Understanding Humpback Whales
In the vast expanse of the Salish Sea, the presence of humpback whales is a testament to their resilience. Once on the brink of extinction due to relentless hunting, these majestic creatures have made a triumphant return. A pivotal moment in this resurgence occurred when the first humpback whale in nearly a century was sighted – a remarkable female known as Big Mama. Since her appearance in 1997 she has graced these waters every year, leaving an indelible mark on the region. Big Mama’s legacy extends to her oldest documented calf, Split Fin, born in 2006, embodying the enduring spirit of humpback whales in the Salish Sea. Their remarkable migration, the longest of any animal on the planet, unfolds as they travel great distances annually. The most closely studied route spans from Alaska to Hawaii, where these incredible creatures have been observed covering the 4,830 km (3,000-mile) journey in as few as 36 days, showcasing the awe-inspiring endurance of humpback whales in their quest through the vastness of the seas.
Extensive studies reveal a distinct pattern in their migratory behavior. It’s observed that the Humpbacks that engage in summer feeding off the northern coast of British Columbia embark on a remarkable journey to the warm waters of Hawaii during the winter months. In contrast, those who spend their summers feeding in the southern reaches of British Columbia are more likely to be discovered in the wintering grounds of Mexico. However, not all Humpbacks adhere to this migratory routine; some opt to overwinter in both the northern and southern regions of British Columbia, if you are wondering about optimal times to see them in BC, check out our chart. Research suggests that this deviation might be attributed to various factors such as the whales not breeding that year, recent reproduction, or the need to feed and replenish depleted food reserves. Humpbacks tend to travel traveling alone or in loose groups of 2 to 5, creating a dynamic and diverse tapestry of migratory behaviors in these incredible marine mammals.
Feeding Grounds vs. Breeding Grounds
Breeding unfolds predominantly in the winter months within specific breeding grounds, notably in warm waters such as Hawaii and Mexico. The choice of these temperate locations is strategic, as the favorable conditions not only facilitate the birthing process but also provide a refuge from potential predators, such as Orcas. Conversely, the feeding grounds are typically situated in cold, productive waters during the spring/summer months. This makes the Salish Sea an optimal location, given its abundance of prey, including krill and small fish, creating a thriving ecosystem that supports the dietary needs of these magnificent whales. To learn more about what whales eat, check out our blog!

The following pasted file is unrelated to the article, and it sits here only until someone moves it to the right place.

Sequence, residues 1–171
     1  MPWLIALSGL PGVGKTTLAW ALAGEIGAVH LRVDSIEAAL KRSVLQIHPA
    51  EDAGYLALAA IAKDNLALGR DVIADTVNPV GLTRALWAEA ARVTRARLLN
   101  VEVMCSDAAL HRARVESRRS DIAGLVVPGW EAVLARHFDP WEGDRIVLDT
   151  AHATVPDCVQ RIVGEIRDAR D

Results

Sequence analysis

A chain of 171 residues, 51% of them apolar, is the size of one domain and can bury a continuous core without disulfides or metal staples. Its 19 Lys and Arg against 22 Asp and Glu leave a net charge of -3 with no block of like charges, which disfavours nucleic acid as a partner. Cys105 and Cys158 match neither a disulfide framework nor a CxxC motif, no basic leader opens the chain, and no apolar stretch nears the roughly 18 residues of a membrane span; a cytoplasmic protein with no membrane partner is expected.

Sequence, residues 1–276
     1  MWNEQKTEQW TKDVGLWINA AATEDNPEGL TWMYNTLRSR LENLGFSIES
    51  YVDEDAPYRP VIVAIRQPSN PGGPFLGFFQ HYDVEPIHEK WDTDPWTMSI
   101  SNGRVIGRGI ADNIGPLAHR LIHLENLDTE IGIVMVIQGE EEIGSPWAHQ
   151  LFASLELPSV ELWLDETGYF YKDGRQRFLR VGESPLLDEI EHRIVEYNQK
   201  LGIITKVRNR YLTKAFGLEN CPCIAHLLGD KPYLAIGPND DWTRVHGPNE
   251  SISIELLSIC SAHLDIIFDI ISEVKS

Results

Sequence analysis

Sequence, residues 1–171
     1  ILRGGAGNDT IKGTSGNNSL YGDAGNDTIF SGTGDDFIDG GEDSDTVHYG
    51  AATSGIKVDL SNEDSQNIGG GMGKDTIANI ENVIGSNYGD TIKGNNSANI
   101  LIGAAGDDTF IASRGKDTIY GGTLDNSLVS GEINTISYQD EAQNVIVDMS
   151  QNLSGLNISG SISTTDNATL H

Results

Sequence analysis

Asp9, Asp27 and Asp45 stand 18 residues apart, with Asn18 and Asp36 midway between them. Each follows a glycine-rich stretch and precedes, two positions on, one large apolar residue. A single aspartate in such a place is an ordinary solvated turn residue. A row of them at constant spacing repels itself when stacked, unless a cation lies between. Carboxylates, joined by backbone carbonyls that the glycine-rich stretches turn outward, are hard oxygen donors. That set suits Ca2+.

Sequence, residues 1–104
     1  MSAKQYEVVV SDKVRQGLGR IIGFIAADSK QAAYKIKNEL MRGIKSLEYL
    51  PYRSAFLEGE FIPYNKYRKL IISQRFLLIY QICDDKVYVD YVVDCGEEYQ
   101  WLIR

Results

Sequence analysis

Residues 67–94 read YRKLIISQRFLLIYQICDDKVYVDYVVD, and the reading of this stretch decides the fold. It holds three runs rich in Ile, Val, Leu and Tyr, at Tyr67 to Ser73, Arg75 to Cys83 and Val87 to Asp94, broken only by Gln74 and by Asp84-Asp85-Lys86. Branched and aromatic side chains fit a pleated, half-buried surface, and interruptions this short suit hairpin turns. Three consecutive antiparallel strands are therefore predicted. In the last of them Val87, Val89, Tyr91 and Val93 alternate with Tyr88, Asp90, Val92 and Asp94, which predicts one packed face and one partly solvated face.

Importance of Conservation
The conservation of humpback whales is of paramount importance, as these majestic marine mammals play a crucial role in maintaining the balance of marine ecosystems. Their intricate migratory patterns connect different marine environments, making them essential indicators of the overall well-being of these ecosystems. Unfortunately, humpback whales face numerous threats, including entanglement in fishing gear, collisions with vessels, habitat degradation, and climate change. Conservation efforts are imperative to mitigate these risks and ensure the survival of humpback whales for future generations. By promoting sustainable fishing practices, implementing vessel speed restrictions in critical habitats, and advocating for marine protected areas, we can actively contribute to the preservation of these iconic creatures and the intricate web of life in our oceans. Conservation not only safeguards the humpback whale population but also reflects our commitment to maintaining the health and resilience of our global marine environment.
In 2023, we proudly declare our commitment to conservation by becoming Biosphere Certified, aligning our operations with sustainability practices to contribute to the United Nations’ 17 Sustainability Goals. Our dedication extends beyond mere words, as we actively engage in initiatives fostering environmental well-being. By endorsing sustainable practices, making donations to environmental causes, forming partnerships with conservation organizations, and offsetting our carbon emissions, we are taking tangible steps towards an eco-friendly future. As a founding member of the Pacific Whale Watch Association, we adhere to the Whale Wise viewing guidelines, prioritizing the respect and protection of orcas and humpback whales in their natural habitats. Our collaboration with the BC Cetacean Sightings Network underscores our commitment to conservation and research, leveraging daily sightings data to support the protection of at-risk species. As proud members of 1% For the Planet, we pledge to contribute a minimum of 1% of our annual sales to local conservation initiatives that resonate with our values. Increasing our conservation fee from $2 to $5 reflects our ambitious goal of donating over $1 million, with each passenger charged contributing to the widespread and impactful reach of our conservation efforts. If you are wanting to see humpbacks in the wild, contact us or check out our tours!